To ease MERS fear, Chinese tastemakers invited

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To ease MERS fear, Chinese tastemakers invited

A coalition of firms including the Korea Tourism Organization, Asiana Airlines and Lotte Duty Free have invited heads of major Chinese tour companies, journalists and power bloggers to Korea in an effort to ease worries about Middle East respiratory syndrome (MERS) in the country and revive interest in Korean tourism.

Two hundred people including 150 CEOs of major tour companies across China, 40 journalists and 10 power bloggers are scheduled to come to Seoul for a three-day tour from July 15 to 18, sponsored by the firms.

Visitors are set to tour the presidential Blue House; Cheonggyecheon, a 10.9 kilometer (6.7 mile) long stream running through central Seoul, Lotte World Mall and other major tourist destinations around Seoul.

The group is also set to participate in various sightseeing and cultural activities including a walk around Myeong-dong, in which Seoul city mayor Park Won-soon is expected to participate.

Korea has seen a sharp decline in the number of foreign tourists visiting the country, which has dealt a heavy blow to local retail, hospitality and tour businesses that have come to rely significantly on Chinese tourists.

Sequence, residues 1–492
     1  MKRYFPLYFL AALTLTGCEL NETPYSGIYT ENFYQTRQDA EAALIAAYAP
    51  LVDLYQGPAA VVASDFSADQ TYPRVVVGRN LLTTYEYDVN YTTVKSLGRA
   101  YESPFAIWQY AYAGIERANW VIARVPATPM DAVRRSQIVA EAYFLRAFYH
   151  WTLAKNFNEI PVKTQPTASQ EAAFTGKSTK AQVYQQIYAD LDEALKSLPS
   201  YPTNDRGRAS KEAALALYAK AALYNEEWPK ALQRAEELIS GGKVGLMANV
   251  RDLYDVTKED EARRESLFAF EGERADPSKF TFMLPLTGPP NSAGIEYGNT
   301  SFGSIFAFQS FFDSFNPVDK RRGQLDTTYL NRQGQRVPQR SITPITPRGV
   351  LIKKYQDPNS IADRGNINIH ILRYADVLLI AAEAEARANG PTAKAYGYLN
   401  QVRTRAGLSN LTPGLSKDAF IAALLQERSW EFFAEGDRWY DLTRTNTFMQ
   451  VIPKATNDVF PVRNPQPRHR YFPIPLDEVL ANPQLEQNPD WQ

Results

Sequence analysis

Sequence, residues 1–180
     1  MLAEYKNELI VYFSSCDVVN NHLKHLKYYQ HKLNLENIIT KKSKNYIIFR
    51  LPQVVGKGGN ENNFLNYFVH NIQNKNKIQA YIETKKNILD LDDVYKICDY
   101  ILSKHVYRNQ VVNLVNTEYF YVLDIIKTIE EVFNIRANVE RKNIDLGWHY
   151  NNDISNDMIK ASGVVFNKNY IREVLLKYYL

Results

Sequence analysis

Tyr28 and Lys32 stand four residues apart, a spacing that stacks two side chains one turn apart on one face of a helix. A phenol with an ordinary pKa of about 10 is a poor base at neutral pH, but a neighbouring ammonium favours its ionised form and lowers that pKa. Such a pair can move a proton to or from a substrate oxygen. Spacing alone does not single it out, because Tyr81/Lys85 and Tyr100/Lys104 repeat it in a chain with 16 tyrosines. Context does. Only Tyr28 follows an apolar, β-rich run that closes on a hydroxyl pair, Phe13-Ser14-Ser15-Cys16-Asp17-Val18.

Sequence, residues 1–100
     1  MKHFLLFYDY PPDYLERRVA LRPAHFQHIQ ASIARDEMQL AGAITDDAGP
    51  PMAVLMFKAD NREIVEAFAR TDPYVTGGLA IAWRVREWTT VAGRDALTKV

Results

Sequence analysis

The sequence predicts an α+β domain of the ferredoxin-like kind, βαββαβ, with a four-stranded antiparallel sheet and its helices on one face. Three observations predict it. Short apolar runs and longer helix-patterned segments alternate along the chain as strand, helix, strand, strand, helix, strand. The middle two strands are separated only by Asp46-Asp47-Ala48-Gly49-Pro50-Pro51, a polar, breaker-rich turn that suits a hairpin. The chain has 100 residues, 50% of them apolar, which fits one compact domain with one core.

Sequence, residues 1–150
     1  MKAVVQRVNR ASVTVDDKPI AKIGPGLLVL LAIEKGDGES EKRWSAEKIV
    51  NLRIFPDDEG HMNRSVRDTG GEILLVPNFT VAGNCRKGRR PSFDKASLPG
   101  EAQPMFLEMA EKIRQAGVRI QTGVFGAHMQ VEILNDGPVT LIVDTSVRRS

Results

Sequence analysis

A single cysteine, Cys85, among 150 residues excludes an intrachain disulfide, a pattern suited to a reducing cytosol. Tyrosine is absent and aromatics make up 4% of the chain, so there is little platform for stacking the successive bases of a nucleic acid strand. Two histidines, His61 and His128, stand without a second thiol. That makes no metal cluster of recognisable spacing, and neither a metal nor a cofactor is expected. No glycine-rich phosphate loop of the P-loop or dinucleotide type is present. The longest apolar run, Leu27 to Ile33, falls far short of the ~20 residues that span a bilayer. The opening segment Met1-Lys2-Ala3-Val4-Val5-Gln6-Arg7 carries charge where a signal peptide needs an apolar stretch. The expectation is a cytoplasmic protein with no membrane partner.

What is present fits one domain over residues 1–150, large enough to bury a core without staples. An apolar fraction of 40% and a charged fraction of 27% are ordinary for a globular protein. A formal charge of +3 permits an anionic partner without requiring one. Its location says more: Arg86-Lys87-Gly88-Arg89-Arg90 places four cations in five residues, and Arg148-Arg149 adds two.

Lotte Duty Free, for instance, saw its sales drop 30 percent in June compared with a year earlier as the number of foreign tourists cancelling trips to Korea nears 140,000, a large portion of which are Chinese.

Despite the latest signs that MERS is being contained, the cancellation rate among Chinese tourists has not slowed, industry insiders say.

Major local firms have lately been urging Chinese tour companies and related government officials to reassure China that traveling to Korea is safe, and to develop interesting tour packages that spark interest in Seoul.

The Korean government has also temporarily waived visa fees for tour groups coming from China, Vietnam, the Philippines, Indonesia and Cambodia as part of the efforts to help the depressed local economy recover.

“We hope that this event will help publicize that the MERS situation in Korea is being contained,” said Kim Soo-cheon, the CEO of Asiana Airlines, one of the sponsors of the tour program.

Flights to and from China account for nearly 20 percent of Asiana’s passenger revenue, as Korea’s No. 2 air carrier operates flight services to 24 cities in the country. Nearly 30,000 Chinese have cancelled their Asiana Airlines flights since the outbreak of MERS through July 3.

Lotte Duty Free also said the program was expected to bring about positive results, adding it will play an active role in developing Korea tour packages and improvements in the overall quality of Korea tours.

“This [program] will directly show participants that Korea is a safe place [to travel],” said Lee Hog-kyun, the CEO of Lotte Duty Free.

Separately, Lotte is also planning a two-day tour for 40 officials from Beijing and Shanghai tourism companies that have had close working relations with the duty-free chain. About 800,000 Chinese tourists visited Korea last year through these companies, according to Lotte.

The program is expected to be held in the resort island of Jeju.

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